This rib formed into the first woman. He sat back and thought. He decided to gift his creation with a buffalo to fulfill all their needs from food to warmth to clothing. There are several creation myths found within Native American culture.
One of those is the creation myth involving Napioa. Napioa is mentioned in almost all Blackfoot myths and is considered an important figure in the Blackfoot mythology itself.
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Napioa is known by many names including the sun, Old man, and Napi Nah-pee. He also created men and women and made the bison tame for the people to hunt. He is said to also have created the animals and the grass and everything else that is on the earth.
What’s Your Creation Myth? - Business Insider
Tim on 23 Jul Oh, got it — that they have never taken VC money. Nathan K on 23 Jul Mike on 23 Jul Joe Zydeco on 24 Jul EH on 24 Jul Eva on 24 Jul Jim on 24 Jul Doug on 24 Jul Andrew Warner on 25 Jul Thanks Jim. To be a truly memorable creation myth, the startup tale must include some mixture of hard ship, brilliant insight or "I told you so".
Dorm room beginnings are highly desirable, even better if accompanied by a C student struggling to stay in school. Eureka moments, especially if they occur while the founder was struggling in a dead end job, also make great storylines. The amusing thing about all of this is that most start-ups have pretty mundane beginnings.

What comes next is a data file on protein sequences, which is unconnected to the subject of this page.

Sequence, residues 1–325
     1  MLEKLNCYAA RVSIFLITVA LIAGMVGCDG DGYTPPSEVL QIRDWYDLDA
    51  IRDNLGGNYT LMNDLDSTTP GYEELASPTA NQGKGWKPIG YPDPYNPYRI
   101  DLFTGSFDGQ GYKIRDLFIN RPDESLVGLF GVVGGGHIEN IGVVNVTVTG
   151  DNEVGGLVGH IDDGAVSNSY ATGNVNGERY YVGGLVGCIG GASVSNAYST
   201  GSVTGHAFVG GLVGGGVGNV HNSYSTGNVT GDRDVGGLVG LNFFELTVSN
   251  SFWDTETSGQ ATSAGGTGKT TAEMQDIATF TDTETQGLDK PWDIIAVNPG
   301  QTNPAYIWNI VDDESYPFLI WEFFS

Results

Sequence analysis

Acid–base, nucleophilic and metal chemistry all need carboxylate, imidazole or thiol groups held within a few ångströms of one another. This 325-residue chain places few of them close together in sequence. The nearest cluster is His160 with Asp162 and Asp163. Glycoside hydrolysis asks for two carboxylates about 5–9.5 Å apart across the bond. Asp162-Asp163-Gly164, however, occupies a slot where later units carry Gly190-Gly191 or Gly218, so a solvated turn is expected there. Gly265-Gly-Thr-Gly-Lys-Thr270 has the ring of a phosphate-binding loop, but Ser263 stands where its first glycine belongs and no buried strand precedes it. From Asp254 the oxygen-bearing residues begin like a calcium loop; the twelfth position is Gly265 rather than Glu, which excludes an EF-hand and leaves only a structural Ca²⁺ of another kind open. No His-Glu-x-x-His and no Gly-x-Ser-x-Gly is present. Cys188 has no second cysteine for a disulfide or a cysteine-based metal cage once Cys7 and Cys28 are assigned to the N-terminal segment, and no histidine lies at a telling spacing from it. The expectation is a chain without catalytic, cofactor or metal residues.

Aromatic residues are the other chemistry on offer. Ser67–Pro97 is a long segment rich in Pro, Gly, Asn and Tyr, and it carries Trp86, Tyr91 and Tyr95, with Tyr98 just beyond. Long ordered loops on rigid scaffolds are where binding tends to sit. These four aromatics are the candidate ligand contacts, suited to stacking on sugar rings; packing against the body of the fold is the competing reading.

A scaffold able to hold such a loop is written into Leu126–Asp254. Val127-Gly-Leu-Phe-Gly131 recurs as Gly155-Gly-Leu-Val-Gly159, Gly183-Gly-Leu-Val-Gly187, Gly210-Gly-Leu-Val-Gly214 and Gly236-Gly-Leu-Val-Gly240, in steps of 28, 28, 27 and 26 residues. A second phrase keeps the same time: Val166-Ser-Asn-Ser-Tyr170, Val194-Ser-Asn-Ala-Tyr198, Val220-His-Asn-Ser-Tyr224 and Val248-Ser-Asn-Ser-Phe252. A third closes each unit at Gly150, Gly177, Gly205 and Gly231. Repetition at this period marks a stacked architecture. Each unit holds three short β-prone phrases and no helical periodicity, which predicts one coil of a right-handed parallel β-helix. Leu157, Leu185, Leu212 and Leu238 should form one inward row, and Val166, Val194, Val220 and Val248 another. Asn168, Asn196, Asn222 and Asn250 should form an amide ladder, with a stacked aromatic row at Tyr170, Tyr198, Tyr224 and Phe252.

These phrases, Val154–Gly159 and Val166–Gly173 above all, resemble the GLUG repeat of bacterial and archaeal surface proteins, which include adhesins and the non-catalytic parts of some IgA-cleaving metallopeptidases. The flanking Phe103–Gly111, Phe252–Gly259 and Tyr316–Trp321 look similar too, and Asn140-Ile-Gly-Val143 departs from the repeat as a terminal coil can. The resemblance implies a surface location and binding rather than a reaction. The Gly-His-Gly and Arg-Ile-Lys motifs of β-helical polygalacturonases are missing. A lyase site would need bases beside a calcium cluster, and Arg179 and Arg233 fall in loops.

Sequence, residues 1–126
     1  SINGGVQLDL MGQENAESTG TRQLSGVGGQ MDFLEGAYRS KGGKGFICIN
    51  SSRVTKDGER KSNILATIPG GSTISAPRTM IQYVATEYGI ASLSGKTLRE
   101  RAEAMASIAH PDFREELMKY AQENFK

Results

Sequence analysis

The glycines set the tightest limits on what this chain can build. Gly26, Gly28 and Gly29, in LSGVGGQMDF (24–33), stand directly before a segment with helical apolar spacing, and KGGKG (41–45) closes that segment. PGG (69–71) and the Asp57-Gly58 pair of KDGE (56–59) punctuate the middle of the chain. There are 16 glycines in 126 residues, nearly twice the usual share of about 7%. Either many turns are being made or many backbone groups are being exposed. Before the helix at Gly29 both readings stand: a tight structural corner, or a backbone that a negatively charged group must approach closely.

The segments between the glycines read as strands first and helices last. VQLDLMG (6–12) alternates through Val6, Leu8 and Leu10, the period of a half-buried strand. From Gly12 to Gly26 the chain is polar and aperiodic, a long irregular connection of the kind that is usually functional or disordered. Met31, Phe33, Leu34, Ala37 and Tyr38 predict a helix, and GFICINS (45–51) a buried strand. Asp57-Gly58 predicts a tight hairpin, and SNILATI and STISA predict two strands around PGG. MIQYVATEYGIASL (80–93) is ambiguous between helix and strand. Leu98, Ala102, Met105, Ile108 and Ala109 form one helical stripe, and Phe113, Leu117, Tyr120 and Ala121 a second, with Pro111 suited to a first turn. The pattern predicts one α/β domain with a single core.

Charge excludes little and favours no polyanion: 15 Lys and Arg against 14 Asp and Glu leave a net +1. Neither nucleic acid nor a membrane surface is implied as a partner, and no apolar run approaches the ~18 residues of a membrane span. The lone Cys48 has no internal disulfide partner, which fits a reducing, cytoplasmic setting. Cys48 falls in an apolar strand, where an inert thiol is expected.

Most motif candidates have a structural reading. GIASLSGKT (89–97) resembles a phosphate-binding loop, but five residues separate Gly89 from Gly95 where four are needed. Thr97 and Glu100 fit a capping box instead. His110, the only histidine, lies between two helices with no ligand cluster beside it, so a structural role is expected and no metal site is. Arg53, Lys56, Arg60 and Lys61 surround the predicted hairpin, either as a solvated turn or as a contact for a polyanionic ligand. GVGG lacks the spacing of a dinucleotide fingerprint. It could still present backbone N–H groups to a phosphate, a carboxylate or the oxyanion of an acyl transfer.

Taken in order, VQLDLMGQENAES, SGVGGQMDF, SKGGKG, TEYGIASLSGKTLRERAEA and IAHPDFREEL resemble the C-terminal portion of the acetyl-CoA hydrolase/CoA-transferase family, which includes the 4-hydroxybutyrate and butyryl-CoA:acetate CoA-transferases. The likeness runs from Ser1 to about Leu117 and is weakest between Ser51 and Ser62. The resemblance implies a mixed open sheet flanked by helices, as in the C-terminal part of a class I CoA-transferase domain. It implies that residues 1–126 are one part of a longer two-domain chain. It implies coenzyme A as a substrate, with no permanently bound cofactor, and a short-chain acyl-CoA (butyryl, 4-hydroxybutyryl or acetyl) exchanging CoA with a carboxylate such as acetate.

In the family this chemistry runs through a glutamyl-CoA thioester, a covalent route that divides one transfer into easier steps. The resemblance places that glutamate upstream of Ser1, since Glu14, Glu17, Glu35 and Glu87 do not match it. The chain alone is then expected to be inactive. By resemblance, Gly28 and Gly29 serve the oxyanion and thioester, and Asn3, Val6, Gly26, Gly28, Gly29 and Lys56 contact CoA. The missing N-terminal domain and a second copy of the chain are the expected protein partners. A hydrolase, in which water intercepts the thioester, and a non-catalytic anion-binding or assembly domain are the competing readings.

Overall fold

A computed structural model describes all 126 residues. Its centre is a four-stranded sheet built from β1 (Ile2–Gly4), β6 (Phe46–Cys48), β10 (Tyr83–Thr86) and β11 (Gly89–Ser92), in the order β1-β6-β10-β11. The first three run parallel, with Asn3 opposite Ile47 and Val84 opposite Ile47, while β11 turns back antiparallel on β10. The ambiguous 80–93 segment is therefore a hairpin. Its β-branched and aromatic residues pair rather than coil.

An entrepreneur had a so so idea, fiddled around with it, and eventually came up with a reasonably good concept.
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In the real world, great execution, fortunate timing or maybe a lucky break with a first customer, and there you have a successful business in the making. You see, most entrepreneurs start their companies in pretty straightforward ways, with plenty of miss fires, poor decisions and sometimes a near death experience or two.
But one thing is constant in the retelling of how a new company was born: the world wants an engaging story about why that particular start-up made it when so many others didn't. In my humble opinion, the most common reason for success has as much to do with luck - that most uninteresting of all variables - as anything else.
But luck, or what a statistician would call randomness, is not a very satisfying answer when an entrepreneur is asked "what was special about your company?
Peter Guber, the well known movie executive and producer, explains that the world is made more understandable by storytelling. Humans through the ages passed along tribal wisdom from generation to generation by repeating, and refining, stories of where we came from.
They answered critical questions about the group. Why were we the chosen ones and others weren't?
What is our purpose and why are we different from all the others?